Nebraska Judge Declares Mistrial in Rape Case after Language Ban
District Judge Jeffre Cheuvront declared a mistrial yesterday in a Nebraska rape case in which the alleged victim would have been unable to say certain words, including "rape" and "assault". Tory Bowen has accused Pamir Safi with raping her in 2004 when he allegedly knew that she was too intoxicated to give consent. Her trial, which was slated to begin next week, drew national attention after Judge Cheuvront banned several terms, supposedly because they would prejudice the jury. Bowen pledged to do her best to follow the language ban, but refused to sign a statement that she would comply. Both Cheuvront and the Nebraska Supreme Court refused to hear motions challenging the language ban. funny picturesfunny imagesfunny photosfunny animal picturesfunny dog picturesfunny cat picturesfunny gifs
The trial would have been the second against Bowen's alleged attacker. The first, which also included the language ban, was in 2006 and ended in a hung jury. Lawyers for the accused maintain that Cheuvront's language ban was essential to ensuring Safi's rights. Cheuvront made his ruling based on a 35-year-old state law that allows judges to bar terms that risk misleading the jury.
If Bowen fails to obey the language restriction in a courtroom, she could face jail time. She still would not sign the formal statement, saying, "I want the freedom to be able to point to [Safi] in court and say, 'That man raped me,'" according to the Associated Press. Advocates for sexual violence victims are outraged by the judge's decision, saying that it discourages rape victims from bringing their cases to court. It is now up to the county prosecutor whether or not to pursue another trial, reports the Beatrice Daily Sun, a Nebraska local newspaper.
Media Resources: Associated Press 7/11/07, 7/12/07; Beatrice Daily Sun 7/12/07
8/28/2015 Alaska Court Protects Abortion Access for Low-Income Women - The Alaska Superior Court struck down a state law yesterday that would have severely limited abortion access for low-income women in Alaska.
The state's Superior Court also struck down a Department of Health and Social Services regulation that placed narrow specifications on Medicaid coverage for abortions, requiring that Medicaid-funded abortions be determined by a physician to be "medically necessary." Last year, the Center for Reproductive Rights, the American Civil Liberties Union, and Planned Parenthood sued on behalf of the Planned Parenthood of the Great Northwest, claiming that the narrow definition of "medically necessary" arbitrarily established conditions designed to restrict the ability of low-income women to access abortion services.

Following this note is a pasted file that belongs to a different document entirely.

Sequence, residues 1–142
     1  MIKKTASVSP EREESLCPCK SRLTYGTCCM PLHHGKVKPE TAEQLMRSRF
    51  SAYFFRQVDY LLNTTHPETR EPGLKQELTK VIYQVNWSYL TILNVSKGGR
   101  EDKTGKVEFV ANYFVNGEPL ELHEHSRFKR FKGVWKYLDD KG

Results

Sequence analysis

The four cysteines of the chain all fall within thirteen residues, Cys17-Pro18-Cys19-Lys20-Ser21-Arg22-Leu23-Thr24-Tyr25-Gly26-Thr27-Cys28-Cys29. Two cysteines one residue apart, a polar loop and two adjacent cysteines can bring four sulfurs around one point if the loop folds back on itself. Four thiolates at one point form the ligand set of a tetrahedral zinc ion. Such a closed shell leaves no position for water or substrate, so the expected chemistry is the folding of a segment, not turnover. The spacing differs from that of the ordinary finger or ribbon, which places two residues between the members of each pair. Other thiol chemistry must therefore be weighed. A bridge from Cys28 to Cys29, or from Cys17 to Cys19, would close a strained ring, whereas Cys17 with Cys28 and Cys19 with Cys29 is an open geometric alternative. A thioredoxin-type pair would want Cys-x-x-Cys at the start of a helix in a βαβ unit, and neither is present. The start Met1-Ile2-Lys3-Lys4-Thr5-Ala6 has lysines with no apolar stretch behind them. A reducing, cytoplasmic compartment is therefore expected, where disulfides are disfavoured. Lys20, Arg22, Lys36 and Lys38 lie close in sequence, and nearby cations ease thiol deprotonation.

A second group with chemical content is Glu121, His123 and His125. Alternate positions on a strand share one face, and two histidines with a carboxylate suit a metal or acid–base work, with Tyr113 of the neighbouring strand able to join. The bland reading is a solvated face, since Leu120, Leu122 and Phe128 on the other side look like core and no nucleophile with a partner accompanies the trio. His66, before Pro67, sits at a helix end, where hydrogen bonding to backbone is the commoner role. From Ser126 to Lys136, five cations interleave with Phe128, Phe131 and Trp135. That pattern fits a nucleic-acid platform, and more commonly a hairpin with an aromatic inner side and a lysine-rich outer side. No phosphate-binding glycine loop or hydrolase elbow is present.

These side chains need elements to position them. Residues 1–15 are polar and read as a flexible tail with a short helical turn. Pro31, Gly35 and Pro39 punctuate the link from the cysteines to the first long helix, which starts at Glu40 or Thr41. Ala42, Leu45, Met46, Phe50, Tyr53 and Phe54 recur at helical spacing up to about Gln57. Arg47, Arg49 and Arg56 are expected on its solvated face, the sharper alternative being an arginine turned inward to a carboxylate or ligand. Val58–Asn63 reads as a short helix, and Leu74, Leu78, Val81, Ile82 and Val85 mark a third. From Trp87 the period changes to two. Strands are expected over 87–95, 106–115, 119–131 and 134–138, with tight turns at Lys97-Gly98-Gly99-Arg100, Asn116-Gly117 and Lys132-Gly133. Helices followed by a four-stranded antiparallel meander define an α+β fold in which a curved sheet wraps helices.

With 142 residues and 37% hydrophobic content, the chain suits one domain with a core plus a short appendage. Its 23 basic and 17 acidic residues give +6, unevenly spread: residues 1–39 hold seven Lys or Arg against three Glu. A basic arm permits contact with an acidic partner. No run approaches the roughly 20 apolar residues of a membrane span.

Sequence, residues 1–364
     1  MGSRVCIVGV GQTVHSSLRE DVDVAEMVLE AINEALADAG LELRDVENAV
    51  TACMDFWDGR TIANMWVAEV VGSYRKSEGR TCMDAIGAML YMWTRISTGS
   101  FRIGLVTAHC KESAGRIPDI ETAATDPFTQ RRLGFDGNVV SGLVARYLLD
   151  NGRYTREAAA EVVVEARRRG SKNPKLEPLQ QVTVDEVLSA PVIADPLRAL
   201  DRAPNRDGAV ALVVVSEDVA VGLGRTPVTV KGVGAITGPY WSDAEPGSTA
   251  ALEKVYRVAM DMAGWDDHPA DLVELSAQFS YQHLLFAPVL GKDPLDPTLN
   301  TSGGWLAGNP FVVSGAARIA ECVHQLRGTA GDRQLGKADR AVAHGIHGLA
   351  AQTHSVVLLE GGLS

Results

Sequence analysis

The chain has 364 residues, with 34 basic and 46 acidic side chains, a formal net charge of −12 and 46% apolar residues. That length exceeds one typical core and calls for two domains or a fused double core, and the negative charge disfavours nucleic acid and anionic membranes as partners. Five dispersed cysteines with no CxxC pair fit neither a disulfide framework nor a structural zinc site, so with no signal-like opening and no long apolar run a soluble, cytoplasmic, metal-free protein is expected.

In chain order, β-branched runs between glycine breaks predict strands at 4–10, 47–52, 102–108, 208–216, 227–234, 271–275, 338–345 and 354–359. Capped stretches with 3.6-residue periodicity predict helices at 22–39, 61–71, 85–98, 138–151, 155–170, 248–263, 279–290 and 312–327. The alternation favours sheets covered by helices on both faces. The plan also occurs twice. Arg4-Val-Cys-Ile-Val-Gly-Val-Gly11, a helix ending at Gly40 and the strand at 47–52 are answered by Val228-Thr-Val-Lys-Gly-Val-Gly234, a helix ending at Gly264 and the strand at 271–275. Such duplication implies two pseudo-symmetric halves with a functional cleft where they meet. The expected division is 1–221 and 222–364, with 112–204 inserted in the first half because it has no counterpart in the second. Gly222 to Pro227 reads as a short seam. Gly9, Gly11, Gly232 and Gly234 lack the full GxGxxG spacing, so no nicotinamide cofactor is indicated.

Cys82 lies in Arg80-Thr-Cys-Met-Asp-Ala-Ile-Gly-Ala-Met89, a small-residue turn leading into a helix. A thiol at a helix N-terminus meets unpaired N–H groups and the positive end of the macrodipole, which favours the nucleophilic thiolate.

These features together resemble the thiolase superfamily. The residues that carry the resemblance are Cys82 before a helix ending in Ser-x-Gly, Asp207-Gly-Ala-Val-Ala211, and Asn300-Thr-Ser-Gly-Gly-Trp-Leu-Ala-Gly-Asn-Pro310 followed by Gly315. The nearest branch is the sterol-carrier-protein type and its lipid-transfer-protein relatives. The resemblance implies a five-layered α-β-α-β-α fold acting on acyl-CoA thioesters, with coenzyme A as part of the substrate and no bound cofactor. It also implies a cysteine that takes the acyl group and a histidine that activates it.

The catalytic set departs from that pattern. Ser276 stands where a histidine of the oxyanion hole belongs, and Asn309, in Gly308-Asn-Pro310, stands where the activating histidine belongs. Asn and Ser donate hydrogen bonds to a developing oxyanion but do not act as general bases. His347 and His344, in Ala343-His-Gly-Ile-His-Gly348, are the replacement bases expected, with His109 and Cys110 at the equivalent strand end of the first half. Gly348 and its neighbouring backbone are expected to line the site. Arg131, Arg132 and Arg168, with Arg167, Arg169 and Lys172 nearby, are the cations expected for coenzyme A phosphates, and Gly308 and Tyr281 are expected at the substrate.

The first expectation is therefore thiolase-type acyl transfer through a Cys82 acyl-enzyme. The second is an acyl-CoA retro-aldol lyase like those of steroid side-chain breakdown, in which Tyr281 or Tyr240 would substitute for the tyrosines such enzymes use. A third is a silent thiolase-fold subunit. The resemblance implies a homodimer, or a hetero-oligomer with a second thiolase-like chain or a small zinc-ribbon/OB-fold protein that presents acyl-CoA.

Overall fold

The law was temporarily blocked last July by an Alaskan state court judge.
Superior Court Judge John Suddock ordered yesterday that the state be blocked from implementing this regulation, ruling that it placed an undue burden on low-income women seeking abortion services in Alaska.
"By providing health care to all poor Alaskans except women who need abortions, the challenged regulation violates the state constitutional guarantee of 'equal rights, opportunities, and protection under the law'," the ruling read.
"We applaud the superior court for striing down these cruel restrictions on women's health and rights that violate the Alaska Constitution," said Chris Charbonneau, CEO of Planned Parenthood of the Great Northwest and the Hawaiian Islands. . . .
8/26/2015 Saudi Women Prepare to Vote for the First Time - The fight for gender equality is making slow but notable progress in Saudi Arabia, where women will be allowed to vote for the first time in upcoming December elections.
This shift in Saudi law came in 2011, when a royal decree announced that women would be allowed to vote and run in local elections beginning in December of 2015. . . .